Strength training basics every beginner must know

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Are you planning to strength train? Well congratulations, that’s a healthy choice and we hope you reach your strength training goals soon. But there are some basics that you must know before starting to strength train so that you don’t injure yourself. Here are a few strength training basics that you must keep in mind before you hit the gym.

Important Training Terms and Strategies

As a beginner you must know the important terms of strength training. You must know all important training strategies so that you can adapt them in your sessions and get one step closer to your goal. The main muscles involved in strength training are your arms, back, chest, stomach, abdomen, buttocks and legs. The way you work them out determines your outcome.

The first thing you will hear a lot in training sessions are ‘reps’ or repetitions and ‘sets’. Reps refer to the completion of a single movement and sets refer to the number of reps done together. So, if someone says they do 3 sets with 10 reps each of squats, it means, they do 30 squats with a break after every 10 squats.

Training to Build Strength

If you want to increase your overall strength you need to gradually increase the intensity of your workout or start working out for a longer duration. The most common method is to slowly increase weights to keep the workout challenging yet doable.

Training to Increase Muscle Size (Hypertrophy)

This training involves more repetitions with lighter weights. The repeated contractions break down our muscles. This causes a micro-trauma and is not responsible for muscle growth. Muscle growth takes place later when we are at rest. Our body works to repair the broken muscles. It is replaced with larger cells that can withstand the repetitive movement. Therefore, the repetition will increase the size of your muscles, however they won’t be as strong as those who have the same size muscles from strength training. If you intensify the number of sets and reps it can increase muscle endurance as well and this will be better from a health perspective.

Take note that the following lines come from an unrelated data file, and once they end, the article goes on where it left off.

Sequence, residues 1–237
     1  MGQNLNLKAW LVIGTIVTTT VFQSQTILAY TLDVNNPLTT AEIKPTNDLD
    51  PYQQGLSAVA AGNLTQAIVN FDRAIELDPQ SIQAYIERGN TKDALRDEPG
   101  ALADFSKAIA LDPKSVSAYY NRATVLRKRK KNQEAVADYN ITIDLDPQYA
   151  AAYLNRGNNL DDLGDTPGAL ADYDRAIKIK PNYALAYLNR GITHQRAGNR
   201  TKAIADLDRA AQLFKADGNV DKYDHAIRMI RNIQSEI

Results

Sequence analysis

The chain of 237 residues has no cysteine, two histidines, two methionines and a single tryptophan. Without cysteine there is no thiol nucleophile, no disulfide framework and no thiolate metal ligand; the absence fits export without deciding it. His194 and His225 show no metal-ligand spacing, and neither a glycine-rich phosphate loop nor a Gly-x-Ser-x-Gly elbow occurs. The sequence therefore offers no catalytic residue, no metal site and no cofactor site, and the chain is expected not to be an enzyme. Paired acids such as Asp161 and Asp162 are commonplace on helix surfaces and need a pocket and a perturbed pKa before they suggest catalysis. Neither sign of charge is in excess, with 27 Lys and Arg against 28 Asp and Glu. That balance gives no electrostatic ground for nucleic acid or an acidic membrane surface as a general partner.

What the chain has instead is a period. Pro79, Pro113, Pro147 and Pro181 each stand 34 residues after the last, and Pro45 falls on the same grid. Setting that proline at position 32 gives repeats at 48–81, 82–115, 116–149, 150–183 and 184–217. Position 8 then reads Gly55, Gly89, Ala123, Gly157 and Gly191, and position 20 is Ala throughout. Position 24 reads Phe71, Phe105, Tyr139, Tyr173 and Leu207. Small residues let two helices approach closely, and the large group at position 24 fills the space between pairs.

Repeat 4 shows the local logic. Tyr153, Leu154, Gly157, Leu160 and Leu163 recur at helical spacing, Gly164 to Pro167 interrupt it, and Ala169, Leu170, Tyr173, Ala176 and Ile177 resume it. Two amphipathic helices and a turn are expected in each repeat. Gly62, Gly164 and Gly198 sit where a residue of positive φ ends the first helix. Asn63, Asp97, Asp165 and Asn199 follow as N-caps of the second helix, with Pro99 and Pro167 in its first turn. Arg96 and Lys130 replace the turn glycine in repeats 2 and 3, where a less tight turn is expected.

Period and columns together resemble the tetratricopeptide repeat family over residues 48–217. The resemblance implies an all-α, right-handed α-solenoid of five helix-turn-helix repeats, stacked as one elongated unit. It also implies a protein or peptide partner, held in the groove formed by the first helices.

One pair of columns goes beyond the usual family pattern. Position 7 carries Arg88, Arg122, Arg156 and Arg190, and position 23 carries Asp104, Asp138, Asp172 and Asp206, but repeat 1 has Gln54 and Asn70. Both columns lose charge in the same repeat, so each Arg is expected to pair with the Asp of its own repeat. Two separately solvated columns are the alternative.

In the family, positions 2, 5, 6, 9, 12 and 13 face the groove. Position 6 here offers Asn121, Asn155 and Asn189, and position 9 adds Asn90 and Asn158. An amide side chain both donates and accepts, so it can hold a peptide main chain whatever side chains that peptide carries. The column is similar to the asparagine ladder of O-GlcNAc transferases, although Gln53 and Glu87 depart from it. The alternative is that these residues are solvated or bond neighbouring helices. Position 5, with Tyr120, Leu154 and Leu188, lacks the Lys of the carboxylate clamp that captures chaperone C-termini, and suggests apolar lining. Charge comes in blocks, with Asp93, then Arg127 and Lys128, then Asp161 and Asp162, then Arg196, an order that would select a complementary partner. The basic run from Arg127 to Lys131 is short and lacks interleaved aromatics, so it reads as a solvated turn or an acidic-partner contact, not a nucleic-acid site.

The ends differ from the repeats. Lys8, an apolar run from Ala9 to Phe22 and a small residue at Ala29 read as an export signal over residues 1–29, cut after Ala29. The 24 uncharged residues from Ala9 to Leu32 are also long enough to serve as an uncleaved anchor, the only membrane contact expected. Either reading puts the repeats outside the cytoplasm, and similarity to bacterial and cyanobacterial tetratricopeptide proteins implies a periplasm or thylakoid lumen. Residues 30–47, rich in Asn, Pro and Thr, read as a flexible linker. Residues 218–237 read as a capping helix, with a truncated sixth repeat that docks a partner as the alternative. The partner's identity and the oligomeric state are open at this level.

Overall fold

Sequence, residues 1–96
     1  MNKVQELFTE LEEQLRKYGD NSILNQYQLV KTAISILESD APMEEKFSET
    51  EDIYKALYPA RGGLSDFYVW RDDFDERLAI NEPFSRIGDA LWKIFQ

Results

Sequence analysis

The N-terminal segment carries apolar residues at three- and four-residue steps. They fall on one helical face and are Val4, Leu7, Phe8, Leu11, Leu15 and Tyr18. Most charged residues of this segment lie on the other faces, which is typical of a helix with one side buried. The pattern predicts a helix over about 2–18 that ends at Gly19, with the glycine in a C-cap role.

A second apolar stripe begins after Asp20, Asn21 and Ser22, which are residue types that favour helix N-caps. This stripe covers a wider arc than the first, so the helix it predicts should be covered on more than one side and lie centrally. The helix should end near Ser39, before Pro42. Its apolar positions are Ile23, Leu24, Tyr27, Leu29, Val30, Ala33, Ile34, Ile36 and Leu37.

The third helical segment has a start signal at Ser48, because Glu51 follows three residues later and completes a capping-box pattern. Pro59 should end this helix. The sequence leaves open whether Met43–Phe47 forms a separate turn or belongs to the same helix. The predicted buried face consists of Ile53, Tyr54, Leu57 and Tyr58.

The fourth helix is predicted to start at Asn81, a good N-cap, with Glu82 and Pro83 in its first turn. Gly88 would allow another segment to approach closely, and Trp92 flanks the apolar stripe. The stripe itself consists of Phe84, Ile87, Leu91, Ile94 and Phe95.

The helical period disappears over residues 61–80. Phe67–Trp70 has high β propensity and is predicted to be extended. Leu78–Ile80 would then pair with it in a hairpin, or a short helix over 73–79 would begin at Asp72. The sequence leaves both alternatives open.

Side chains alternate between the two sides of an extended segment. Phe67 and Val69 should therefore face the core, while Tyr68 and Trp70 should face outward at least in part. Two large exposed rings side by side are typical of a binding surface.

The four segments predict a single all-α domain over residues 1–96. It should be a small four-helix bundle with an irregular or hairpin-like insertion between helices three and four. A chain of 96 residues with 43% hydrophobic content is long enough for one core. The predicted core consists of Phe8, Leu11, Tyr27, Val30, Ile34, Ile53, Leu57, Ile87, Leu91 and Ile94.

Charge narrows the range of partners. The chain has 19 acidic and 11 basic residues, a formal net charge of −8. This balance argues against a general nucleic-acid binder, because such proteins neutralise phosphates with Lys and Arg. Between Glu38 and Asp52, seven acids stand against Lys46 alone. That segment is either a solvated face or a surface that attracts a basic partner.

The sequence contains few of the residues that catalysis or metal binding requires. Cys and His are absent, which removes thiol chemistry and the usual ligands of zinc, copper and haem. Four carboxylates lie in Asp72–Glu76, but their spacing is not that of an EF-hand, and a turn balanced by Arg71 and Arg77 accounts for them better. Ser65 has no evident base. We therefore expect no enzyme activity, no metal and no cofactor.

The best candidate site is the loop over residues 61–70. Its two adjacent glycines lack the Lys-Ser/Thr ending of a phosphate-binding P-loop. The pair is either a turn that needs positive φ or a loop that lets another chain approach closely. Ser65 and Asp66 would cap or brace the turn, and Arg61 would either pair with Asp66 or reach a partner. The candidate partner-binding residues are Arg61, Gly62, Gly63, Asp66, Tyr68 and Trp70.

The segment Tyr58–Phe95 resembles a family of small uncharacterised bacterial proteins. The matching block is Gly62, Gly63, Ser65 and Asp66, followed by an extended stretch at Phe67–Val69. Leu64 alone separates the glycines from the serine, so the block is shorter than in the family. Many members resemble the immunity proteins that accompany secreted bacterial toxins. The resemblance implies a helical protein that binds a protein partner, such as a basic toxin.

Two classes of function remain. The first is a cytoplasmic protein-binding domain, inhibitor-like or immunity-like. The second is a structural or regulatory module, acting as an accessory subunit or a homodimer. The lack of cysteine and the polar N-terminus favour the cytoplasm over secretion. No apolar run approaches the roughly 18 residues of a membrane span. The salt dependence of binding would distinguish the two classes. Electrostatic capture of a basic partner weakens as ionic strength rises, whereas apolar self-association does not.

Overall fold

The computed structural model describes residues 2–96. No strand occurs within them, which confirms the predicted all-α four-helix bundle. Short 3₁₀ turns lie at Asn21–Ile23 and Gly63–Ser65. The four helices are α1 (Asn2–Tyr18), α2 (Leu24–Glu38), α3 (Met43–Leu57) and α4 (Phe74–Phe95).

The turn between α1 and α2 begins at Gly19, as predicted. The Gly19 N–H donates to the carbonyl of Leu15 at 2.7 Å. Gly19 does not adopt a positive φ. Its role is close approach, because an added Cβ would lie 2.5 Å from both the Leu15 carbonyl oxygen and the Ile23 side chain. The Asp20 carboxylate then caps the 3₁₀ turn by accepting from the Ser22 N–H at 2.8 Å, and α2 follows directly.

Most non – competitive trainers tend to adapt a combination of strength training and hypertrophy to have a well-rounded, strong and aesthetic body.

Power Training

Power training has a close coordination with time. It involves building strength first and switching to lighter weights with faster reps. If you can lift the same amount of weight faster than you did a few weeks ago, without disrupting your form, it means that you are becoming ‘powerful’. Since power training is a combination of both strength and hypertrophy, you can easily incorporate it within the two for maximum benefits.

Warm Up

Warm up loosens your muscles and charges them up. Your body is ready for a training after a good warm up. So, instead of reaching out for the heavy weights, take time to stretch your muscles and warm your joints so that they are ready for a heavy workout. Working out without any warm-ups can be very risky as it can lead to severe injuries.

Keep an Eye on Your Form

When you have multiple reps or move on to heavier weights it may be possible that you forget to monitor your form. This is especially true when you are trying to move quickly to heavier weights. Your body isn’t accustomed to the new movement and instead of giving it time you have intensified the workout. In such a situation, your body will automatically try to modify the movement to make it faster. Sometimes modified movements reduce the benefits of the workout while on other occasions they can injure you.